Archive for the ‘Freeaire System’ Category

Small Dog Electronics: Solar and Polar Power, Combined

Sunday, February 19th, 2012
Freeaire's Richard Travers at the Small Dog Solar Array Ribbon Cutting

“Power Cord Cutting” Ceremony at Small Dog Electronics

There have been a couple of significant ribbon cuttings in the Mad River Valley recently.  First there was the Mad River Food Hub, and then this week there was the official ‘power cord cutting’ ceremony at Small Dog Electronics to mark the commissioning of a dedicated solar array at their headquarters in Waitsfield, Vermont.  The opening was attended by Vermont Governor Peter Shumlin, staff from Small Dog, and Freeaire’s Richard Travers.

The 42kW solar panel array is projected to generate the power needed to run Small Dog’s retail store in South Burlington  as well as half of the power for the company’s Waitsfield headquarters.

Solar power, however, is not Small Dog’s only investment in alternate energy technologies.

A Freeaire system has regulated the temperature of the company’s server room since 2008, using cool Vermont air to safely and reliably cool sensitive electronic equipment.  A server room can be kept at a relatively high temperature (65 – 70 degrees Fahrenheit) meaning that outside air can be used as a primary cooling medium almost year round.  Additionally, Small Dog recently upgraded their Freeaire system to the latest Cooler Controller, which includes humidity monitoring and management settings that further increases the utility of  the system in data center environments.

Polar Power and Solar Power — They go together like Yin and Yang.  Props to Small Dog for their ongoing commitment to energy conservation and sustainability (and reduced energy bills!).

Read more:  Top national Apple supplier welcomes AllSun solar trackers


Local is Cool: Freeaire at the Mad River Food Hub Opening

Friday, January 20th, 2012

Tuesday January 17th, 2012 was an important day for the agricultural sector of Vermont’s economy —  marking the official opening of the Mad River Food Hub in Waitsfield, Vermont, adjacent to the Freeaire offices.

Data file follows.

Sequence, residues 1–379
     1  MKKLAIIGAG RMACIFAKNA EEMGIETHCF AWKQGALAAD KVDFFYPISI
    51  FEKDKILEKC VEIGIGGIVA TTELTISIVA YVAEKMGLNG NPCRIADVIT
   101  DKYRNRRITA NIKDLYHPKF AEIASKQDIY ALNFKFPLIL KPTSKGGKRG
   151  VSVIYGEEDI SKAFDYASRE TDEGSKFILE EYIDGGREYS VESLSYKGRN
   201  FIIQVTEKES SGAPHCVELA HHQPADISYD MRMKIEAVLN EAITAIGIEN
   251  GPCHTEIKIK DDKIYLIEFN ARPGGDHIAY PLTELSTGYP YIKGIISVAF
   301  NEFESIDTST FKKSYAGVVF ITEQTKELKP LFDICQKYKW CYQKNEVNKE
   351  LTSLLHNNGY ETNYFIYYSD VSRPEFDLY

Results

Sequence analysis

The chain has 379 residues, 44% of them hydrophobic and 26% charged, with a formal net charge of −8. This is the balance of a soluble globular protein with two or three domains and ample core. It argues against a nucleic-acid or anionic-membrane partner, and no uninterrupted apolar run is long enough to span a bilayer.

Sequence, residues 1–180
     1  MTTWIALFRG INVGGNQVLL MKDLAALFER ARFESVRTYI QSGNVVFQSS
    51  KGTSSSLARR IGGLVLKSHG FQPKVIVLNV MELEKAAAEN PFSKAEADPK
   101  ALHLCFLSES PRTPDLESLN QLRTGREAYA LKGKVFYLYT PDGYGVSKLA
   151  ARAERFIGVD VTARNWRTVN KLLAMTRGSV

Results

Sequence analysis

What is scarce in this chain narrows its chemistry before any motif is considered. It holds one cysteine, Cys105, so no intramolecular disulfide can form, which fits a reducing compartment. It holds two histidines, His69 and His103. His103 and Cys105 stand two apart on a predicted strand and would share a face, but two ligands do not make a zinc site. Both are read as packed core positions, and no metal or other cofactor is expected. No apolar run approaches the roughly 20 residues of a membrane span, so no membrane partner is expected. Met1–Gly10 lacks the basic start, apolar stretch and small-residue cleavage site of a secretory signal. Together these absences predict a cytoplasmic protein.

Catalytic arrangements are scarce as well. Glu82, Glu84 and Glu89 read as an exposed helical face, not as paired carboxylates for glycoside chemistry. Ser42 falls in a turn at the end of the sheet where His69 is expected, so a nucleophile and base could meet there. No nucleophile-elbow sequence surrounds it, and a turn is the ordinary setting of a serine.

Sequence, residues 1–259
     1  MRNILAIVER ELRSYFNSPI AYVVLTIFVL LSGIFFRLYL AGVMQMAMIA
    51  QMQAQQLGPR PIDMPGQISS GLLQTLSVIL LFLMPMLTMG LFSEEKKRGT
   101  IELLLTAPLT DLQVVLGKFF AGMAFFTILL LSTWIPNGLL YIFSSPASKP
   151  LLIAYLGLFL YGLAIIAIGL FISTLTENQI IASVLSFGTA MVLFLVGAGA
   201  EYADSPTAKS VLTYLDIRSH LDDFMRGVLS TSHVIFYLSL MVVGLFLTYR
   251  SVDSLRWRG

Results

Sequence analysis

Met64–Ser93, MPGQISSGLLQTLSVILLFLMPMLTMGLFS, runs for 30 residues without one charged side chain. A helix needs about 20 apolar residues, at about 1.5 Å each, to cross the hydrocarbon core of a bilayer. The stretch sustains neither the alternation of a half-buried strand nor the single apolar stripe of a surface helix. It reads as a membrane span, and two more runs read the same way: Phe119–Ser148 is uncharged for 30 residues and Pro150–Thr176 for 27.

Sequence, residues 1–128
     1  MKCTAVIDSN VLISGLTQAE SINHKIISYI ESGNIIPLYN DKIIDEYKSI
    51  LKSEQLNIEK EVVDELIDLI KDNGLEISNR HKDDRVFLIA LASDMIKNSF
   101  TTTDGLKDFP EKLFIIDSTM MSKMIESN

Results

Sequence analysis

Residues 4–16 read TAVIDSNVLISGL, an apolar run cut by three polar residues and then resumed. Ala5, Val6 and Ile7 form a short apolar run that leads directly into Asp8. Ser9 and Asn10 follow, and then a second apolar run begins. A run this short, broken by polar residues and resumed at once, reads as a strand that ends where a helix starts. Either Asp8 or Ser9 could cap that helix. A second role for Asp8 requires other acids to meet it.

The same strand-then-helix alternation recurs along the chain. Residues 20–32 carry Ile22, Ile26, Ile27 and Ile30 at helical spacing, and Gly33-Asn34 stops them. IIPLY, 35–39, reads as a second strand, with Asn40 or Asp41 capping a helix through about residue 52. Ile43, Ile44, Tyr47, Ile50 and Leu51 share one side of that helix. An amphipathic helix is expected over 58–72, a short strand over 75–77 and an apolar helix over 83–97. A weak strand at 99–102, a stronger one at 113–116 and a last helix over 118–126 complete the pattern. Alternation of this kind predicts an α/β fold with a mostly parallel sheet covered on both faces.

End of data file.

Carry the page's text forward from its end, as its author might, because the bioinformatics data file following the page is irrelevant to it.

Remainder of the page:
“Conceived in 2010 and constructed in 2011, the Mad River Food Hub is the first fully equipped, licensed vegetable and meat processing facility in the State of Vermont (& NE USA). It offers farmers and food producers affordable, daily rental of state licensed meat and vegetable processing rooms, together with on-site storage and distribution services to local market outlets.

The design and implementation of the Mad River Food Hub’s services relied extensively on the research, data and analysis from the State’s Farm to Plate Strategic Plan. Funding for this facility was provided by a number of state, federal and foundation funds as well as private investment.”  — From Vermont Business Magazine

The food hub is a conceived as a central facility that can be shared between multiple agricultural and food processing businesses, reducing overhead and making it easier for small business to bring locally produced food to market.

Mad River Valley Food Hub opening
Vermont Governor Peter Shumlin stressed the importance of the agricultural sector to the state’s economy in his opening remarks. The MRVFH compliments a similar facility in Hardwick, Vermont and there are plans to add a third food hub in the southern part of the state.

Freeaire system in cooler - Mad River Valley Food Hub

The food hub features large-scale freezer and cooler spaces.  Advanced Freeaire Cooler Controllers optimize both of these spaces for maximum energy efficiency and the cooler (pictured above) also has a Freeaire Polar Power package installed, taking advantage of outside air for cooling.

Freeaire - Mad River Valley Food Hub opening

Freeaire’s Richard Travers and Brad Long demonstrated the sophisticated capabilities of the Cooler Controllers for a large delegation of state legislators.

Freeaire - Lawson's Finest

Heard of double IPAs?   How about double Freeaire systems?  Sean Lawson of Lawson’s Finest Liquids has a newly installed Freeaire system at his small Warren brewery and will also be using food hub’s facilities.


Freeaire: The Word Gets Around

Tuesday, December 20th, 2011

Freeaire - Word Gets Around

As 2011 comes to a close, we’d like to take a moment to acknowledge the efforts of our Freeaire partners throughout North America who have participated in trainings at our offices in Waitsfield, Vermont.

While some of our partners are from our own backyard — Vermont and surrounding Northeast states — we also have partners from the mid Atlantic, upper Midwest, and throughout Canada.  Our most remote dealer is located in the Northwest Territories where winters are very long, dark and cold and allow for ample opportunity to take advantage of outside air for cooling.